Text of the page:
REVIEW: Dallas Buyers Club

Friday, 21 February, 2014

Words by Michael Horn

Now, don’t think I’m some kind of Wedding Planner watching, Fool’s Gold digging Matthew McConaughey fan, just because in a moment of weakness I may have conceded to a pretty girl that How to Lose a Guy in Ten Days isn’t a totally worthless movie. No way.

But I saw Dallas Buyer’s Club last week, and I’m going to have to rethink that position. Canning the bland charm that he had built a career on, McConaughey instead plays a gaunt, sick, scared, lascivious man with a big fight in him. All of a sudden, he’s more Daniel Day-Lewis than Ryan Gosling.

Dallas Buyer’s Club, directed by Canadian Jean-Marc Vallée, tells the story of Ron Woodroof, a Texan electrician and rodeo cowboy diagnosed as HIV-positive and given 30 days to live. But, as Woodroof tells the doctor, “I got a news flash for all y’all: there ain’t nothin’ out there that can kill Ron Woodroof in thirty days”. In his quest not to be proven wrong on that point, Woodroof discovers a raft of unapproved HIV drugs available in Mexico. Before long, he’s operating a full-blown import racket—a “buyers club”—keeping himself and many others alive where doctors could not, and making a tidy profit at it.

McConaughey is a passionate degenerative revelation as Woodroof, but his supporting cast is at times less spectacular. Jennifer Garner, as Woodruff’s sympathetic but powerless doctor, looks like she thought this was a sequel to her last appearance with McConaughey, in Ghosts of Girlfriends Past.  McConaughey’s Woodroof crackles with the energy of a dying man burning to live, and all she can do in response is smile coyly and giggle. Dennis O’Hare is similarly one-dimensional as the cold, money-minded hospital chief. Jared Leto, on the other hand, gives as good as he gets playing Rayon, a transexual who becomes Woodroof’s business partner and unlikely friend. Leto and McConaughey, working with a strong script, are vivid enough together to make any weaknesses of the film seem like quibbles.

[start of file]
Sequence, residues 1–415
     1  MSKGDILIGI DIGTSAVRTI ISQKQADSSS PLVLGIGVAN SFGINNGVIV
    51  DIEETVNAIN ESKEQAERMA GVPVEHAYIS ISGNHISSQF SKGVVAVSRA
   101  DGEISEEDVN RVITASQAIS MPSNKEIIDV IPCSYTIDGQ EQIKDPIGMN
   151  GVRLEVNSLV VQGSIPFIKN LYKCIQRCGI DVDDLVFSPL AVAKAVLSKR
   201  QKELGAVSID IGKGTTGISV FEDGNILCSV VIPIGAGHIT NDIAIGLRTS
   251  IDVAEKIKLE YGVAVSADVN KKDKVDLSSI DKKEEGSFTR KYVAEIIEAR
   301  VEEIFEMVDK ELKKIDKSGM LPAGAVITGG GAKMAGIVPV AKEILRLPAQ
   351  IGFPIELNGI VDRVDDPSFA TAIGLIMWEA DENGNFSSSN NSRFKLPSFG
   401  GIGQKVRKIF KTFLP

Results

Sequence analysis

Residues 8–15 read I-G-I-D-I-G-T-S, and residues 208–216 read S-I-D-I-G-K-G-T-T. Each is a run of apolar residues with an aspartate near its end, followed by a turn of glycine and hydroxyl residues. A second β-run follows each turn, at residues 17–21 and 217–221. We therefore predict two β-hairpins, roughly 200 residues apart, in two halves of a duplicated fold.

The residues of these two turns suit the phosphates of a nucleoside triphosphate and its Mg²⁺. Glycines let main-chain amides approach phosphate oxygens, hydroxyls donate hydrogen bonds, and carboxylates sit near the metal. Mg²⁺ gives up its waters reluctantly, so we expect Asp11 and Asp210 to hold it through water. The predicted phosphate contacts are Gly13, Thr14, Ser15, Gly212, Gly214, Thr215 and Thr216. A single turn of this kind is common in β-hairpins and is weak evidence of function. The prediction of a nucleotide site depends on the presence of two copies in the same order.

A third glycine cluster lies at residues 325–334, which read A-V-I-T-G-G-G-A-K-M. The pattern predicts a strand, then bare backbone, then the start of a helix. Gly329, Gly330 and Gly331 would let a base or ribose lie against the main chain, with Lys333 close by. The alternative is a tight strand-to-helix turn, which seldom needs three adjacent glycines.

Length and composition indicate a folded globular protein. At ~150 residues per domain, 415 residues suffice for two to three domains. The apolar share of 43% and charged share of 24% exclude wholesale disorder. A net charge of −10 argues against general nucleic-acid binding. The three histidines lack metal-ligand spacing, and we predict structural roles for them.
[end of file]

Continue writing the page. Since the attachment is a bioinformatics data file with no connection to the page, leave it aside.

Ron Woodroof was a real person; he told his story to screenwriter Craig Borten in 1992, a month before he died. After more than twenty years, his story has arrived on screen with the vitality and power to make it more than worth the wait. I never thought I’d say this, but give McConaughey the Oscar.